Just search on Google and look for the Amazon aws.com link. This tool allows you to estimate the monthly cost of cloud services Amazon offers. In this example, I entered 50 m4.xlarge in the US West to Oregon region at on demand pricing. For demonstration purposes, I zeroed out the support cost and didn't add any Elastic Block Store. The calculator estimates the monthly bill to be $7869.

When you try to do the same, your pricing may be different depending on the region you choose and any discounts AWS may offer at that time. For a three year commitment to this instance type and size in this region, Amazon Web Services offers the same amount of instances at $4818. This is a discount of about 39% at no upfront cost. You simply pay less for the same service every month. If you choose to pay partially or all upfront, you will receive a higher discount in return.

Cloud providers offer services tailored for short-term workloads to help you reduce cost when you're not able to commit to long-term usage. For example, Google's Preemptible VMs can be terminated without notice and are limited to a 24 hour runtime, but offer a fixed rate discount of about 75%.

AWS Spot Fleet offers a two minute shutdown notification which allows you to save your workload and terminate gracefully, but the price fluctuates based on market demand. These offerings are ideal for workloads that can make progress over time, like data processing, for example, and where losing a few virtual machines does not affect the outcome, like for example, running a MapReduce.

Your developers need to become familiar with the service features and choose what works best for what they are trying to accomplish. Another low-hanging fruit cost driver is the strategy you developers choose for high availability and disaster recovery, or HA/DR for short. Provisioning workloads in multiple regions is relatively easy, but you will multiply your cost. If you are looking for hundreds of milliseconds response time with highest availability, then active-active scenario is likely the best approach, and the additional cost becomes unavoidable.

However, if your requirements are less rigid, lower cost approaches are more favorable. For example, Amazon Web Services offers a single region multiple availability zone deployment option that offers a 99.95% uptime. Compare that to historic availability numbers in your data center, and research cloud provider uptime history using external services like CloudHarmony, for example.

For seasonal workloads where your requirements become more strict for a relatively short time period, consider taking advantage of the elasticity of the cloud. You provision a secondary region in advance of when you may need it, and shut it down when your requirements relax. Even at list price, it will be cheaper than running it all year round. For business continuity planning, introduce your developers to the concept of Recovery Time Objective, RTO, and Recovery Point Objective, RPO. The RTO is the longest time a service is allowed to be impaired, and the RPO is the longest time of acceptable data loss. For example, the time between data protection actions. I found it easier to determine the RTO and RPO for each disaster recovery approach and then to compare it with the business requirements.

Let's shift gears a little and look at security and compliance. Occasionally I see unfavorable decisions being made out of fear of not meeting requirements. I'm not advocating to be reckless. Just want to stress that the goal is to meet requirements efficiently with the minimal resources needed. The easiest approach is to reach out to your cloud provider via your account manager, if you were assigned one, and ask for their advice on how to fulfill your business requirements with their technology.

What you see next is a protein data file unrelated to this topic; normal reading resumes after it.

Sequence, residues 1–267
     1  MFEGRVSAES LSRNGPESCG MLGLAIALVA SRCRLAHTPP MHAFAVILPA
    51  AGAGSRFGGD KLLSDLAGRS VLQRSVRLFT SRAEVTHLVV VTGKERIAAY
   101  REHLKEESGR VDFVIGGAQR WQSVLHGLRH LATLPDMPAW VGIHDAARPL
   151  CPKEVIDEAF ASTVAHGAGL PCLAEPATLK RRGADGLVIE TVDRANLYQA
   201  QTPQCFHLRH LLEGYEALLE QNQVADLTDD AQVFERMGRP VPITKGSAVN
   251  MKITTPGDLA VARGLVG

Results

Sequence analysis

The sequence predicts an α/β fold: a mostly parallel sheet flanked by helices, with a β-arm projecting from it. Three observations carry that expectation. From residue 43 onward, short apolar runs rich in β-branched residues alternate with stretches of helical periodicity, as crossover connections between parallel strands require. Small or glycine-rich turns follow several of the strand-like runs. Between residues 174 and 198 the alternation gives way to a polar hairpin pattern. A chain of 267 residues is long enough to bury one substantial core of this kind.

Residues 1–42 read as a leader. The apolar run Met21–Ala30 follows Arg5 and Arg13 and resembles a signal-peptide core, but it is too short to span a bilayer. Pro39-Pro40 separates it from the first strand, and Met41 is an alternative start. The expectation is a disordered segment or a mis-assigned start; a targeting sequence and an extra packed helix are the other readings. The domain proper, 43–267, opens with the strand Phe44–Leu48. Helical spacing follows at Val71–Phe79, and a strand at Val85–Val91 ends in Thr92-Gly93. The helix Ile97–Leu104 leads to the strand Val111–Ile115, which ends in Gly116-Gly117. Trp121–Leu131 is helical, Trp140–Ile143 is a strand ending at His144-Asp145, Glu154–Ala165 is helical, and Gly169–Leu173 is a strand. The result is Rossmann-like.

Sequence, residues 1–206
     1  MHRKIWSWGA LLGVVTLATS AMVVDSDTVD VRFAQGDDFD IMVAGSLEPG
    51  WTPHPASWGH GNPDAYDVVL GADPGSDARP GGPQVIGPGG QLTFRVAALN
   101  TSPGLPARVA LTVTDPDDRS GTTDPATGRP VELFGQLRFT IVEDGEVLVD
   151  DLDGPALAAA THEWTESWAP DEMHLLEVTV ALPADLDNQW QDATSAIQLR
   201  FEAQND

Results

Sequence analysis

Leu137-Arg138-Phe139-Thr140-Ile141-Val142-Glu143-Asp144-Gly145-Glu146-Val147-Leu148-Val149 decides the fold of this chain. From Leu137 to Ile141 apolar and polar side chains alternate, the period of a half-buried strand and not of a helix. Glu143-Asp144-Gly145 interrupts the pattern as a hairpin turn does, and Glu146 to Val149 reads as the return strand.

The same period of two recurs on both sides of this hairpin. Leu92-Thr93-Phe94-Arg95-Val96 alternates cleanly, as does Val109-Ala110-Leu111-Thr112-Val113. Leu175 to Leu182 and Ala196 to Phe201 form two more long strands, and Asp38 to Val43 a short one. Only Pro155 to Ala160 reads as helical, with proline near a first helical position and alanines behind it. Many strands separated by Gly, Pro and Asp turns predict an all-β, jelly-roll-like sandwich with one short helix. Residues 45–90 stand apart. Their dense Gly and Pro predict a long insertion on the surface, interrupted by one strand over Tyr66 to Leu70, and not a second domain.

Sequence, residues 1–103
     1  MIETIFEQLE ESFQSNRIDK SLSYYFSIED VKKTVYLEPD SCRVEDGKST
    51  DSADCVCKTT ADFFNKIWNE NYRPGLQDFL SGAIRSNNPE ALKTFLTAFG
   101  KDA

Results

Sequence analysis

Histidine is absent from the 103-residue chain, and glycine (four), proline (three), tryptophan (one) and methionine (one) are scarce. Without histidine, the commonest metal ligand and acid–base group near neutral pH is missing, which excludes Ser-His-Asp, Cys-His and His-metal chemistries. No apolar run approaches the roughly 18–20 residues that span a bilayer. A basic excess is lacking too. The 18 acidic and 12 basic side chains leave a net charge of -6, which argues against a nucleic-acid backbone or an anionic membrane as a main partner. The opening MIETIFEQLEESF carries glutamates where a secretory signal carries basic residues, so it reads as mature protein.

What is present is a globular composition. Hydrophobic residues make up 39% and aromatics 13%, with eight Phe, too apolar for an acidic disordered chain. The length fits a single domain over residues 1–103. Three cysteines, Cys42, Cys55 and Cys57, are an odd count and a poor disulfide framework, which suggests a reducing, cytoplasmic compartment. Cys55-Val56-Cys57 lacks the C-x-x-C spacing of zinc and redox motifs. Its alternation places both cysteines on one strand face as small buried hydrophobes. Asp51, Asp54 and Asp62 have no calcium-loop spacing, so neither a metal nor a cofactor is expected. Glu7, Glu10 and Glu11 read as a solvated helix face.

Cloud providers maintain teams of specialists who work with other customers and really can leverage the small fish in a big pond model to your advantage, and follow their recommended best practices. In cases where you're one of the first customers to investigate a specific scenario where your cloud provider does not have a lot of precedence, use benchmarking to reach out to similar businesses in your industry to share your experience within a limited scope.

As an example, I'm listing all certifications, regulations, and frameworks Amazon Web Services supported early 2017. As you can see, there are quite a few of them. For example, your business may need to be compliant with the Statement on Standards for Attestation Engagements, or SSAE number 16, which in part is the new service organization control, or SOC 1 for short, which was put forth by the American Institute of Certified Public Accountants, or AICPA for short.

As with disaster recovery, you will need to learn what your business requirements are and which technology solutions are required to fulfill these. Avoid spending money on something you don't really need. This will just give your competitors an advantage, as they can provide a comparable service at a lower cost. In this lecture we learned about the low effort ways to substantially reduce cloud cost.

We touched on enterprise programs and prepayment of cloud services. We also learned how high availability and disaster recovery, HA/DR, choices influence cost, and how to manage security and compliance efficiently in the cloud.

About the Author

Dieter Matzion is a member of Intuit’s Technology Finance team supporting the AWS cost optimization program.

Most recently, Dieter was part of Netflix’s AWS capacity team, where he helped develop Netflix’s rhythm and active management of AWS including cluster management and moving workloads to different instance families.

Prior to Netflix, Dieter spent two years at Google working on the Google Cloud offering focused on capacity planning and resource provisioning. At Google he developed demand-planning models and automation tools for capacity management.

Prior to that, Dieter spent seven years at PayPal in different roles ranging from managing databases, network operations, and batch operations, supporting all systems and processes for the corporate functions at a daily volume of $1.2B.

A native of Germany, Dieter has an M.S. in computer science. When not at work, he prioritizes spending time with family and enjoying the outdoors: hiking, camping, horseback riding, and cave exploration.